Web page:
There is one looming problem that most internet marketers have when it comes to product creation and I want to tell you about it.
What if no one buys the product?
I’ve released products with a variety of success levels. Some have sold hundreds. Some, I’ve expected to be successful have sold very few. And, I’ve been put caps on the number of products sold before in some cases that cost me a lot of money (in hindsight, that was a mistake).
The risk of failure is something you shouldn’t dwell on. Therefore, getting a positive mindset about your product greatly depends on your confidence about whether it will sell well or not. The more confident you are, the more your success is ensured.
But how exactly do you get a “positive mindset“? How do you feel confident about the product you’re creating?
Here are three steps you can follow to give yourself a much better chance of success.
Step #1 – Empty Your Cup
One of the biggest mistakes any internet marketer could make is to have untested assumptions. We think we know what people want, what products would sell, and what people need to hear – but unless we’ve done the legwork, we really don’t know anything.
A popular Zen saying goes “If you truly seek understanding, first empty your cup.” In this case, we have to let go of our preconceived notions about our audience and target buyers. It’s time to start from scratch.
Step #2 – Find a Problem
People and businesses buy products to solve a problem they have. Whether it’s to remove obstacles, fill in gaps, or reach their dreams, every product is simply a solution to someone else’s problem.
This is both a financially rewarding and a personally fulfilling approach to product creation. As you’ll see when you act on these steps, knowing that you’re fixing a person or a business’ problem with your product goes a long way in developing a positive mindset about what you’re doing.
So how do you find a problem to solve? Here are some easy methods, each taking no more than 10 minutes to start:
a) Ask your current audience. If you already have a blog or website on the niche/topic that your product is about, go ahead and ask your audience about the top challenges or problems they face with that topic.
b) Visit social media networks. Social media websites like Facebook and Twitter have such a large user base that there are subgroups that form within that user base.You can take advantage of these subgroups.
For example, visit Reddit and look for an existing subreddit on your topic. Look or Facebook groups as well, and search specific Twitter hashtags or terms. You can go through the threads and take note of repeating questions or threads. You can also ask the community directly about the number one challenges and problems that prevent them in reaching their goals for that topic.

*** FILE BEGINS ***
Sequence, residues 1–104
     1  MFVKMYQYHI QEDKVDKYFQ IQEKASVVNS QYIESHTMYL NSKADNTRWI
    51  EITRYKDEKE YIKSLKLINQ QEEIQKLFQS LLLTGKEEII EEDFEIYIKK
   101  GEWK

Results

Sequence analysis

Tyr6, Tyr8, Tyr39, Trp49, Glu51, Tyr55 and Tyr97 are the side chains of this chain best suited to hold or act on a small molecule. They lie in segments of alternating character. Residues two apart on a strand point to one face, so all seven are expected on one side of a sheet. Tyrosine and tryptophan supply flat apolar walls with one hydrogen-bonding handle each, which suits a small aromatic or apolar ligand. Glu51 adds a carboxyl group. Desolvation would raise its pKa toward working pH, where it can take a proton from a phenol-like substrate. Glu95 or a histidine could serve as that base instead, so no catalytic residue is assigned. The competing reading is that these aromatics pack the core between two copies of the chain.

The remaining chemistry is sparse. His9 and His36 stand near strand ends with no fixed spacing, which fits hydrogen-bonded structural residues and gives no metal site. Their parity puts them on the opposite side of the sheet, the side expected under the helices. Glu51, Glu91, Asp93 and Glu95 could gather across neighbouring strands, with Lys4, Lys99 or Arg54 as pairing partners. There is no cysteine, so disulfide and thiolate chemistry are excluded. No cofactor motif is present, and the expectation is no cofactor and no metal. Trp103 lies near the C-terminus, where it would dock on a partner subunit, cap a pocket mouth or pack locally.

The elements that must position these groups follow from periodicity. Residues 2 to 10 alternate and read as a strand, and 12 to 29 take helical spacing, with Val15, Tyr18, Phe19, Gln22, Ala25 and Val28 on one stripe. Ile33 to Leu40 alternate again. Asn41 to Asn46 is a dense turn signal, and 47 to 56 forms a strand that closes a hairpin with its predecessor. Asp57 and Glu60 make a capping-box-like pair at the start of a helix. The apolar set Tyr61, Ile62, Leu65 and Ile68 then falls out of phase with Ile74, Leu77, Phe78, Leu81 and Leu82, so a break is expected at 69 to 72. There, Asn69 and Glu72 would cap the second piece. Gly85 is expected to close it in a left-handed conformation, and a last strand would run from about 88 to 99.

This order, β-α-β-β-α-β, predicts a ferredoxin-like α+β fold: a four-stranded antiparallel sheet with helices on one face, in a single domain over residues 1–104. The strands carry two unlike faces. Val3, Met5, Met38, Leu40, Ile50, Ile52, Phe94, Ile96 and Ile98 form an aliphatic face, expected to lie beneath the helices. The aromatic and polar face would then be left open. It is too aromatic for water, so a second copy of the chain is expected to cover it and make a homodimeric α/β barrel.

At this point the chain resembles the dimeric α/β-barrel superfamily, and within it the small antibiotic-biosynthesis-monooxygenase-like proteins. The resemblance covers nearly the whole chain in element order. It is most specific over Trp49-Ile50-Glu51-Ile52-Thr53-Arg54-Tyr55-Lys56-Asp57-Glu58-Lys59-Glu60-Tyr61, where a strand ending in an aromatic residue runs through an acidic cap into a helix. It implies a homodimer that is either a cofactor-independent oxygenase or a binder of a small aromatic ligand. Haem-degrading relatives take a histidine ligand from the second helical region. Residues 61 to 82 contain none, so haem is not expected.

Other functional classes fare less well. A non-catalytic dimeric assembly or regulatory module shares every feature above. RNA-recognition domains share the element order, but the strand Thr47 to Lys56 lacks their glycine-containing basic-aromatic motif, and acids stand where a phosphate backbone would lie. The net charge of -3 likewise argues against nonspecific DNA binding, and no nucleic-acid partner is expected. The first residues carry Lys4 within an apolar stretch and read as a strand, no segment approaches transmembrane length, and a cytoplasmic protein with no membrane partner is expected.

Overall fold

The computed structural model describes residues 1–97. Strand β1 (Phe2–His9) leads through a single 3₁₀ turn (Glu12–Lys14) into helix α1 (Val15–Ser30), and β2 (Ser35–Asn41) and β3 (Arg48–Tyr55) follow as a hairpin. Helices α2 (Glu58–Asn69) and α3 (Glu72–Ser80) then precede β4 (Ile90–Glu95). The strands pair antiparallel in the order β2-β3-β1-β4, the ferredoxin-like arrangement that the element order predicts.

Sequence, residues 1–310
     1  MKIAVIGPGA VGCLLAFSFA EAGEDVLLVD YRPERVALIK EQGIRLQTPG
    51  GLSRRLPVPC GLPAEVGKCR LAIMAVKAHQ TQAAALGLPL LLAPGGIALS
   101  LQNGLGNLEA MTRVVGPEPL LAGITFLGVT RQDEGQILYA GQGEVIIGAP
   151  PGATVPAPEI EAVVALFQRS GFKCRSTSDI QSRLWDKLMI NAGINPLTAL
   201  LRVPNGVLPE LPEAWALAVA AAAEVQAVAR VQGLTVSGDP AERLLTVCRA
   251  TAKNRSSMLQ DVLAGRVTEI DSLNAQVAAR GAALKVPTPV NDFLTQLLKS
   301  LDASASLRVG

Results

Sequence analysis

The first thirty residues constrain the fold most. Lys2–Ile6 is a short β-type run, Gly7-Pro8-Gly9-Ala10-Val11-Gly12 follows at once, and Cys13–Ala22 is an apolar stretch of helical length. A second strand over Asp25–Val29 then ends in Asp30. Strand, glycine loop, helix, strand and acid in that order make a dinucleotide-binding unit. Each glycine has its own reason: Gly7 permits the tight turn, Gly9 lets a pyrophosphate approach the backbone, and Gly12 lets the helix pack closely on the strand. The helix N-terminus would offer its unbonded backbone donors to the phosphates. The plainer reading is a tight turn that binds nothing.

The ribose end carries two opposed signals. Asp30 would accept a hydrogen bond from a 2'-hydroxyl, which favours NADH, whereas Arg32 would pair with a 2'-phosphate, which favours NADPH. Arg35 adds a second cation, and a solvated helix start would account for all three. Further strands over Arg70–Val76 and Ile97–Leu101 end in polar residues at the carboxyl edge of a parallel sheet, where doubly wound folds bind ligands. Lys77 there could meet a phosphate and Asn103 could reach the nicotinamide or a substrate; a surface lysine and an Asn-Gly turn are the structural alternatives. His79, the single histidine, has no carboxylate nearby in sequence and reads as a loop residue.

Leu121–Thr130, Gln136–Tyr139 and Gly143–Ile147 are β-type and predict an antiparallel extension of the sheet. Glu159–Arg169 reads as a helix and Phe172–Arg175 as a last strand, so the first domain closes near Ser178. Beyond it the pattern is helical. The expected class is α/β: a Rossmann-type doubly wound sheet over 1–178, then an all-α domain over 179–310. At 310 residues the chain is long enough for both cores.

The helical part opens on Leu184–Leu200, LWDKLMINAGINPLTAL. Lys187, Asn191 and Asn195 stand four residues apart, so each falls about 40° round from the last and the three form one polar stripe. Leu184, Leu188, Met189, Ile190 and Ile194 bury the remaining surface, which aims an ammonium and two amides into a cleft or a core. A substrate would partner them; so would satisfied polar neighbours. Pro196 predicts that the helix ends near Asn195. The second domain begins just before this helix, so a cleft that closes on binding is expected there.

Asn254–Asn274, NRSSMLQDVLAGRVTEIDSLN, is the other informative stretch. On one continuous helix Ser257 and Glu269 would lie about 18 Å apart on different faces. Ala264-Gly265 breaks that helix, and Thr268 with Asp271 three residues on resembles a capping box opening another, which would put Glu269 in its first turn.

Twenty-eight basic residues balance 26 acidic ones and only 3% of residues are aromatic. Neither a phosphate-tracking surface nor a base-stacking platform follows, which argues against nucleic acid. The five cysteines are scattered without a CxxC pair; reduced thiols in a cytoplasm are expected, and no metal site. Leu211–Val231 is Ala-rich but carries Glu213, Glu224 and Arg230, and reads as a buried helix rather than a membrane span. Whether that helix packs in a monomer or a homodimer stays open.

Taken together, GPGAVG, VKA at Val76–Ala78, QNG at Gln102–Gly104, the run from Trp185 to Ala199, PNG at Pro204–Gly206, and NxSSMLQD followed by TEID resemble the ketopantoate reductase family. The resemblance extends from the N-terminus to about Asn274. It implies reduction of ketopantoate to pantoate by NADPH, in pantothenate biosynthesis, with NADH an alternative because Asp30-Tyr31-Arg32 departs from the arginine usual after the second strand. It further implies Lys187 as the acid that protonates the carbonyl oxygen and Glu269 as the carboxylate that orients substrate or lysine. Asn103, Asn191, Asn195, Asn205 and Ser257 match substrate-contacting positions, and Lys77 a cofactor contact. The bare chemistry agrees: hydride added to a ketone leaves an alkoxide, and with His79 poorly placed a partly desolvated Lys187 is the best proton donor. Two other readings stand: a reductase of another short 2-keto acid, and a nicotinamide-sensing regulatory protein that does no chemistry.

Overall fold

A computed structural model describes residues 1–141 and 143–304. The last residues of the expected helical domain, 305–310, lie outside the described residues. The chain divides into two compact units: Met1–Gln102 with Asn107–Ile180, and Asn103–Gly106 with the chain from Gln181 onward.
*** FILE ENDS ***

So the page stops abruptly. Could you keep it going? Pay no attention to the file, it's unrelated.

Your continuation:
There are also social media networks that cater to specific markets – you may want to explore these if you want to reach a more targeted audience that’s closer to your ideal customers. LinkedIn, for example, is populated with corporate professionals. If these are the people you’re targeting, you can try looking at their LinkedIn Answers section, or searching for LinkedIn Groups under the industry that your niche falls under.
c) Reach out to key bloggers in your niche. Another way to look for a problem you can solve is to email the top bloggers or influencers in your niche, and ask them the common problems that people in their niche experience. Apart from giving you ideas, getting in touch with these bloggers will help you forge new connections that can be profitable once you launch your product.
Treating your product creation process as a problem-solving project can go a long way in giving you a positive mindset and strong motivation to keep going. After all, your goal has shifted from “making a product” to “helping others“. And what can be more rewarding than that?
Step #3 – Get the Go Signal
At this point, you’ve probably collected dozens, if not hundreds, of statements about the main problems that your target customers are facing. Choose one or two of the problems that were often mentioned in the responses you’ve gathered. These are the “seeds” of what your information product will turn into. It’s time to use this information to check for a “go signal” that they would be interested in your product once you start creating it.
If you already have a blog or website with a steady audience, it’s time to post an update asking them, “If I create a product that will help you fix/solve [main problem], would you be interested in buying it?” Now, if you don’t have a website yet, revisit the communities and people you contacted in Step #2 and ask them the same question.
To make this step more rewarding, tell those people who are interested to leave their email address in a sign-up form. This will give you a ready list of potential customers to market to. The best part is that you already know that they are willing to buy – they’ve already told you themselves.
Wait for a bit, then gather up responses or wait for your email list to grow. If it seems like there’s enough interest in the product you want to develop, then go ahead and start developing it.
How’s that for building a positive mindset when reating your product? You now have concrete, tested evidence that there will be people willing to buy your product once it’s released. When you spend hours, effort, and money towards creating your product, you know for a fact that you’re building something people will want. You can then focus on creating the product itself, rather than listening to the negative voices in your head.
Product creation doesn’t have to be a stressful, anxiety-inducing process. It can be a rewarding, fulfilling, and positive experience. This is especially true if you follow the above three steps.